Here’s how CPGs are bracing for more volatility in 2023

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Editor’s note: This story is part of a series on the trends that will shape the food and beverage industry in 2023.

For Mike Kirban, co-founder and executive chairman of coconut products giant Vita Coco Company, uncertainty has been a consistent part of doing business. 

Early on, executives at Vita Coco, which traces the company’s roots to a cold winter evening in 2003 at a New York City bar, had to convince people to buy its product. Then they worked to keep up when demand soared.

The past few years have brought on a new set of challenges, with industry-wide shipping costs soaring from $2,000 a container two years ago to more than $10,000 at its peak last summer, and the availability of shipping containers significantly throttling product availability.

Market conditions caused pineapple and mango puree shortages that impacted the availability of some of Vita Coco’s flavored coconut water on store shelves last summer. And for available products, it took longer for them to go from the factory to its warehouse; taking three months at one point from the customary two weeks. The elevated expenses sliced gross margins at Vita Coco nearly in half last year, and led to two price increases.

“That’s the beauty of these businesses. There’s always a new challenge,” Kirban said with a laugh from Vita Coco’s headquarters in New York City. “We’ve learned a lot. We’ve gotten better at a lot of things to be able to survive through the tough environment that we’ve [had] the last couple of years.”

He said Vita Coco, which also makes water packaged in aluminum cans, energy drinks and protein-infused water along with its namesake coconut beverage, has seen costs start to stabilize, though labor, packaging and ocean freight remain high. The last few years have prompted Vita Coco to make changes to the way it does business, spanning everything from how it sells and markets its products to the strategy it uses for samples and innovation.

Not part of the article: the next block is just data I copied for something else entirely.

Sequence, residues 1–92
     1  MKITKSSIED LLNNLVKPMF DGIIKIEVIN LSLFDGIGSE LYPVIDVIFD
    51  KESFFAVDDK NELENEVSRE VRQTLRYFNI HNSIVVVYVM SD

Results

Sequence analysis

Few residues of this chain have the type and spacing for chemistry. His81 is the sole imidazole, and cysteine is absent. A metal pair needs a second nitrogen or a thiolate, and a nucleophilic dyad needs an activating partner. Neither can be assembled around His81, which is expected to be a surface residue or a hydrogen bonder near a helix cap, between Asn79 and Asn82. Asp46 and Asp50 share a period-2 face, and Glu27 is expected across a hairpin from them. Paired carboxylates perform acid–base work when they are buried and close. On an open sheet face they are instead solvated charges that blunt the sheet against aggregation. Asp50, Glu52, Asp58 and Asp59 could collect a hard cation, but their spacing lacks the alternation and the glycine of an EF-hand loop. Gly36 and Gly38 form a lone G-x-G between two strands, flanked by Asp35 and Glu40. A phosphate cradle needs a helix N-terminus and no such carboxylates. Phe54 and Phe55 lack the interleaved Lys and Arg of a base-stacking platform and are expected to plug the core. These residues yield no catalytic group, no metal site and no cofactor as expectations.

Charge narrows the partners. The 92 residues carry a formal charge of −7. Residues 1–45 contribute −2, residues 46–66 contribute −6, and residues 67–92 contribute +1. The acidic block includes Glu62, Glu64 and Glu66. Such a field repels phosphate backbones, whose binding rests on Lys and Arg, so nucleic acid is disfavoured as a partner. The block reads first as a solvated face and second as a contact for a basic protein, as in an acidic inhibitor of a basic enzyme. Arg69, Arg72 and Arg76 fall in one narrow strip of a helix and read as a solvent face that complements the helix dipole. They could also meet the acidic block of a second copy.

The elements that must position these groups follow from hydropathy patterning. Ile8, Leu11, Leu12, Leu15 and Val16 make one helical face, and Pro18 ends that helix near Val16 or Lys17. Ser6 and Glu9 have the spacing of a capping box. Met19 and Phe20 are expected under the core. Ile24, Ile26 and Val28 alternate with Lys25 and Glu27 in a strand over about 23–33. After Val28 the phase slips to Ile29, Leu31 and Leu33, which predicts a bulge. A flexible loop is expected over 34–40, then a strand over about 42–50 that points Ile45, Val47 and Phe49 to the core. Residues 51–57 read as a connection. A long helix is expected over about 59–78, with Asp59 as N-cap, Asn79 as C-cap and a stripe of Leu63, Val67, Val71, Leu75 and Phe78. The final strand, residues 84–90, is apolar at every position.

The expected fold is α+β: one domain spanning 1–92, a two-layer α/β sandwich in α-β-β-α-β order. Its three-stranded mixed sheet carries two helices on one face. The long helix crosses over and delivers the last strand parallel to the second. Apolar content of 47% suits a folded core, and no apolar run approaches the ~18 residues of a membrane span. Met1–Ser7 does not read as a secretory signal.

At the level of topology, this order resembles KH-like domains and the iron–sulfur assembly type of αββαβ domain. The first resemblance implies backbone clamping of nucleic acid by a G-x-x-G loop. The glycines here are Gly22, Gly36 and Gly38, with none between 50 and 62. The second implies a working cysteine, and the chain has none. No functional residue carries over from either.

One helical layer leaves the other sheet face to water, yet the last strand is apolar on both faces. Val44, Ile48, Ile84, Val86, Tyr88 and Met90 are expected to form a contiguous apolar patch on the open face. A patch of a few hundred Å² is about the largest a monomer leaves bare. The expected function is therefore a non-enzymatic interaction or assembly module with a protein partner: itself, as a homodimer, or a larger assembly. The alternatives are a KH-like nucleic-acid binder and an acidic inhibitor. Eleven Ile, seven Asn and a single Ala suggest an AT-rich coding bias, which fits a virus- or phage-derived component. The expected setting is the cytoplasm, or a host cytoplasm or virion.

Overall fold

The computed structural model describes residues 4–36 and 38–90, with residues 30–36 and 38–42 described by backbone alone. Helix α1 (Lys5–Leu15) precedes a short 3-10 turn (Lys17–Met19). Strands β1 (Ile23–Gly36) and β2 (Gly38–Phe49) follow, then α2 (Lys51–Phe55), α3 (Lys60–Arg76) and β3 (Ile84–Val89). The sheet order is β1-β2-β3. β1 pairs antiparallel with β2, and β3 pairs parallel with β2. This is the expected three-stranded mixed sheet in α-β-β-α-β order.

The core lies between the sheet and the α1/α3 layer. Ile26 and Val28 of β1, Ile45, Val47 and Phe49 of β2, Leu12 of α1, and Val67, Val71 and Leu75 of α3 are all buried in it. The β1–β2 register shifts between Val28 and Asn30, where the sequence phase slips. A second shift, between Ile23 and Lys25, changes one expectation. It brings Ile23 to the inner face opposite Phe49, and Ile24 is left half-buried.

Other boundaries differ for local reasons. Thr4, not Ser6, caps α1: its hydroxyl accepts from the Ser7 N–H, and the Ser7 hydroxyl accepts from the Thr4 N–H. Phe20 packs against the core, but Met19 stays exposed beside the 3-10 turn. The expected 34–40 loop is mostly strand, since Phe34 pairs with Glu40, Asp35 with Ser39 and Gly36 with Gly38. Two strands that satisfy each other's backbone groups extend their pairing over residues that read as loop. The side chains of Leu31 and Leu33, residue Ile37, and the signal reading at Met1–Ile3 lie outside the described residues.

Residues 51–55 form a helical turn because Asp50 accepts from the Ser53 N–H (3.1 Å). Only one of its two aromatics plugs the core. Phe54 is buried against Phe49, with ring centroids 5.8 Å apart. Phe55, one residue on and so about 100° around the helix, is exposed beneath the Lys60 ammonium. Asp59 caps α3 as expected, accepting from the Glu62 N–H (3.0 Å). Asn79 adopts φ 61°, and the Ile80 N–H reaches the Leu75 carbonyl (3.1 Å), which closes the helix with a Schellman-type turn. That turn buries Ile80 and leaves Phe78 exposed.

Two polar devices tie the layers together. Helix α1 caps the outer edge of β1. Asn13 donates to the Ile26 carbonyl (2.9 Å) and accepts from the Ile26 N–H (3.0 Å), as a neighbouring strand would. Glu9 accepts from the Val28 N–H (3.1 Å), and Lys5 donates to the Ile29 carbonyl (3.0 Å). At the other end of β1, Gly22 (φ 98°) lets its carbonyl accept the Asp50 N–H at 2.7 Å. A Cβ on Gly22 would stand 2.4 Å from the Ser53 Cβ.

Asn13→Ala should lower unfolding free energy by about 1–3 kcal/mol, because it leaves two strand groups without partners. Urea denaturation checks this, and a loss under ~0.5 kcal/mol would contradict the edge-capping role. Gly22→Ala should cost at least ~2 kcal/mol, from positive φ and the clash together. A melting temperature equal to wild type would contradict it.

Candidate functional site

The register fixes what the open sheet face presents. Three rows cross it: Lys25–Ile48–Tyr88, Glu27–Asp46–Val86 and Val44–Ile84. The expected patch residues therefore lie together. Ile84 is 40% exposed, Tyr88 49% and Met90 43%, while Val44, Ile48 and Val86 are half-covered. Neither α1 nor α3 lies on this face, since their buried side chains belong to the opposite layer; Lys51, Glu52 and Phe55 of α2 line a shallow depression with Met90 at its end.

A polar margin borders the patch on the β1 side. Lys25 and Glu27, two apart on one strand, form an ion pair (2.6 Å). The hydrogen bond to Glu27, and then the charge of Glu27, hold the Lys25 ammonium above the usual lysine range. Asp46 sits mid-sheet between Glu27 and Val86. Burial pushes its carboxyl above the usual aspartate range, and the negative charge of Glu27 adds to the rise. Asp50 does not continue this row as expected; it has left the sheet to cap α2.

Volatility reigns

Still, there’s mounting evidence that the challenges Vita Coco and other CPGs are facing will remain in 2023 and may force further changes at companies already facing one big hit after another.

Supply chain headaches, inflation, the ongoing war in Ukraine and surging input costs have proven to be a test for even the most seasoned executive. Leaders in the C-suite must now strategize how to plan for the future when there are few answers or historical blueprints they can tap into for a guide.

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Permission granted by Del Monte Foods

 

Krishnakumar Davey, president of client engagement at IRI, recently discussed procurement and supply chains with top CPG executives. He was surprised to hear the rather dire outlook they gave for this year.

“They said ‘Look, [2023] is going to be as volatile as [last] year and the last couple of years,’ ” Davey recalled. “I was quite taken aback by what they said.” 

Neil Saunders, managing director with Global Data, agreed. He said most food and beverage manufacturers are expecting 2023 to be “quite a difficult year … because the consumer is still under a lot of pressure.”

At Del Monte Foods, the manufacturer of canned vegetables and fruits, Contadina tomato products and College Inn broths and stocks, is moving forward with what CEO Greg Longstreet said will likely be its last round of price increases for a while in February. 

But with costs for packaging, ingredients and transportation remaining elevated, Del Monte Foods continues to look for ways to reduce expenses throughout its supply chain and increase the attractiveness of its product to the consumer, he said.

To do that, Del Monte has introduced more products whose price point resonates with consumers looking for value and convenience, such as multi-packs of fruit cups and canned vegetables. It’s also more than doubled spending at its plants during the past four years to increase speed and efficiency.

“For us to compete … we have to be highly automated, high speed and efficient to provide those units at a better value to the consumer,” Longstreet said.

More job cuts ahead?

The wildcard for many companies is whether the country is headed into a recession and how severe it becomes if it occurs.

A recession would place further pressure on consumers already dealing with more expensive borrowing costs following a series of rate hikes from the Federal Reserve and higher prices for everything from food and clothing to medical care and travel. 

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